I use this technique alot, it's actually photo projection not UV mapping, im fairly sure UV mapping is much more complex. For instance, take a 3d model in google skethup such as a sphere and try placing your projected texture on it and it will give you a bunch of streaks along the side, UV mapping actually folds around the object so you dont get streaks or the even worse messed up normal texture application.
It is UV mapping, it's just a roundabout way of doing it. All UV mapping is doing is basically "unfolding" the model so that it comes out flat. If you open the model I created for the tutorial in another modeling application, the UV maps will show up.
I imagine for the sphere you'd have to create a square texture and map it out rather carefully.
I don't know if that's what you'd get, but this is UV mapping...why don't you just try it for yourself? You can either load the model I made or follow the tut for yourself, export it to Collada, and import it into any other modeler. I believe Blender has Collada support by default.
well it isn't really UV mapping, since you don't end up with an image and some data that can be used in other software... real uv mpas can be exported along with the model and then work in other software...
Haha thanks <3. Sorry if I sounded cross, I didn't really mean to. I just went and double checked using the Sketchup 8 .DAE exporter and the .DAE importer for modo (the model I linked to you came out of a .3DS file that was generated ages ago). Yep, it does work.
Hope the tut helps...in the comments of the other model I explained how I did it. I basically drew all the panel detail on in Sketchup using the line tools/paint bucket, and then took a picture of it from all the views. I went into an image editing program, took the screenshots, and chopped them up and put them all on a single image. Then I added weathering and texture detail.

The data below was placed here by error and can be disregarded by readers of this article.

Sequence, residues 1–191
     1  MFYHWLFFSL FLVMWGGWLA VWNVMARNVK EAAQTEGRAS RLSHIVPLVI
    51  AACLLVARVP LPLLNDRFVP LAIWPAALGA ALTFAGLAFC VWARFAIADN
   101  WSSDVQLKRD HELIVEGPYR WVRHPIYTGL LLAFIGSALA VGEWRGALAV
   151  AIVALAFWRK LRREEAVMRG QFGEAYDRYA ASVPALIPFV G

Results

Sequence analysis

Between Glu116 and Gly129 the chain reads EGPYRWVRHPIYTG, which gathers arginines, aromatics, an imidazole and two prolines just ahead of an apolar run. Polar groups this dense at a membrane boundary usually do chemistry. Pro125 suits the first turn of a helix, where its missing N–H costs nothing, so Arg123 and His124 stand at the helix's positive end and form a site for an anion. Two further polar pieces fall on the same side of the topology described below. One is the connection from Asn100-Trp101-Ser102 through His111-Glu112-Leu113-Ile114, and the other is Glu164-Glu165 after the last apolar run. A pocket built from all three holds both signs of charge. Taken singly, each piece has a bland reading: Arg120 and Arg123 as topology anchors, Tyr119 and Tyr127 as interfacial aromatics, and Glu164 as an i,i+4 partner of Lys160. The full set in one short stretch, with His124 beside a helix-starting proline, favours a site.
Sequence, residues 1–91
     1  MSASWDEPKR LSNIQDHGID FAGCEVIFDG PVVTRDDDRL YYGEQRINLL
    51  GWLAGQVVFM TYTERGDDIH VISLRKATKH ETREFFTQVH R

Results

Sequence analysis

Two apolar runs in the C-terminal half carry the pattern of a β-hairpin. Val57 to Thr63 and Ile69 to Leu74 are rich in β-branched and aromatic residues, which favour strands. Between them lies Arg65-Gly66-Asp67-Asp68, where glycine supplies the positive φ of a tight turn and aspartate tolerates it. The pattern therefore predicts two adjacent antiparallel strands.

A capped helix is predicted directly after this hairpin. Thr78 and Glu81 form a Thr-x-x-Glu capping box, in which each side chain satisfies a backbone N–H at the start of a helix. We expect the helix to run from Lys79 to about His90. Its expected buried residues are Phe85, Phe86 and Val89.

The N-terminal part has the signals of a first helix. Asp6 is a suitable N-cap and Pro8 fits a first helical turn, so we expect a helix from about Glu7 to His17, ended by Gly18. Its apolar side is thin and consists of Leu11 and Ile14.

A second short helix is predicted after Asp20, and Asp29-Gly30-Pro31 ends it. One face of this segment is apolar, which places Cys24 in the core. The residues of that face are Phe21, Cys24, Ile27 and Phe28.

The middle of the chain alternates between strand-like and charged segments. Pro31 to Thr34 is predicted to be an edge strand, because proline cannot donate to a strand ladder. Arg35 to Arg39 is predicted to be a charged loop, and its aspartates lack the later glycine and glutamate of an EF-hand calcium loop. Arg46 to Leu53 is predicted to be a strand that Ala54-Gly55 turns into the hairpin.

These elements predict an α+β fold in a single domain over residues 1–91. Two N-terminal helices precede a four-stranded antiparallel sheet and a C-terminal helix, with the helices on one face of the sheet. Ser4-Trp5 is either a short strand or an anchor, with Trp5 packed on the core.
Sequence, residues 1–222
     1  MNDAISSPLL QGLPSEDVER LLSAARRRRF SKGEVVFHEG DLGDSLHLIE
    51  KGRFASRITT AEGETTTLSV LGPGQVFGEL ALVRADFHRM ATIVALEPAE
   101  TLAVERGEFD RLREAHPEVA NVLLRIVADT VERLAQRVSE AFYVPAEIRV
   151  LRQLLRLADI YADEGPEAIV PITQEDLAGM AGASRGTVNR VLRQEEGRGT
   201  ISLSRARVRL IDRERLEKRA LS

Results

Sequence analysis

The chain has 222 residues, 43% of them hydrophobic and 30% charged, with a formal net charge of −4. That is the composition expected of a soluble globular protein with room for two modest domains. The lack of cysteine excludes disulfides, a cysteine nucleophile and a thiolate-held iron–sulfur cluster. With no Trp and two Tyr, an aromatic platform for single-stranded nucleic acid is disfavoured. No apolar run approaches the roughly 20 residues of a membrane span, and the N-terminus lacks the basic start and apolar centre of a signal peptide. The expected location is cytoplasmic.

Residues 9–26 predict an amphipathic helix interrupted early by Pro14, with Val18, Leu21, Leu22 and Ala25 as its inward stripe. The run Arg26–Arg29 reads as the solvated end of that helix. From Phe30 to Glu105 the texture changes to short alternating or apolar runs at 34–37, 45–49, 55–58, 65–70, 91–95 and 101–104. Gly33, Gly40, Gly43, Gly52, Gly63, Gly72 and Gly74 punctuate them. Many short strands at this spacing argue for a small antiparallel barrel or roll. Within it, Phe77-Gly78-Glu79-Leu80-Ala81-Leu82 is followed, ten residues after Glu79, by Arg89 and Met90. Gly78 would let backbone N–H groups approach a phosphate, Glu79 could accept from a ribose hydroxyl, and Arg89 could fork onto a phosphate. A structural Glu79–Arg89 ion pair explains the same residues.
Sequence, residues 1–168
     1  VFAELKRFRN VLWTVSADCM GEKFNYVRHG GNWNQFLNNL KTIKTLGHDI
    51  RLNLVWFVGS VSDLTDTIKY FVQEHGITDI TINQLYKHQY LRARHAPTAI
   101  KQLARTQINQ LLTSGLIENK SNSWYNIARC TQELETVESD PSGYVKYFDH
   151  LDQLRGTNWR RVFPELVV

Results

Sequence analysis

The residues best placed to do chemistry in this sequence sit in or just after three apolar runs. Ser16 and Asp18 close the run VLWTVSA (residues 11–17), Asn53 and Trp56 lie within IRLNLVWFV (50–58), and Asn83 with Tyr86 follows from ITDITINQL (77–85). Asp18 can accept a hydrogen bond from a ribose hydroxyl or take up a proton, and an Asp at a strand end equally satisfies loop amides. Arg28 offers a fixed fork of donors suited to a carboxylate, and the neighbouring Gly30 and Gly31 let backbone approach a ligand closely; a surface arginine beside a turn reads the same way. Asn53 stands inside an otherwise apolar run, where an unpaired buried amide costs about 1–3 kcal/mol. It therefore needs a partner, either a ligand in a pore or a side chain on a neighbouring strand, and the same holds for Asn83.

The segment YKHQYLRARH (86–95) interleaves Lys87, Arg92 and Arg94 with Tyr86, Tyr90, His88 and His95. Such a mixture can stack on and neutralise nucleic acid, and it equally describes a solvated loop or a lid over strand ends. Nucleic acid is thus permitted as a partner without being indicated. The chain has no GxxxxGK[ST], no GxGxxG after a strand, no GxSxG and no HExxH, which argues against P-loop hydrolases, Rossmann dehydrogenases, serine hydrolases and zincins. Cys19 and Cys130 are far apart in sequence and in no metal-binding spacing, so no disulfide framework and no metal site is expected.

I split the model into several chunks (fuselage, engines, wings, etc), and did this process for each one individually. That way, I was only texturing the part I was working on and didn't have to worry about unwrapping the other stuff. This process also was pretty much the only way I could get into the nooks and crannies of things, like texturing the little antennae on the top and bottom of the spacecraft. If you're good.
The other option is to take a picture of the model untextured from a side view, open that up in your image editor, and paint over it. Then you just plop it back in and sample the image like in the tutorial.
For texturing the top and bottom, you need to take a picture of that and then follow the same process with the side, except you only alt-click on the bottom faces.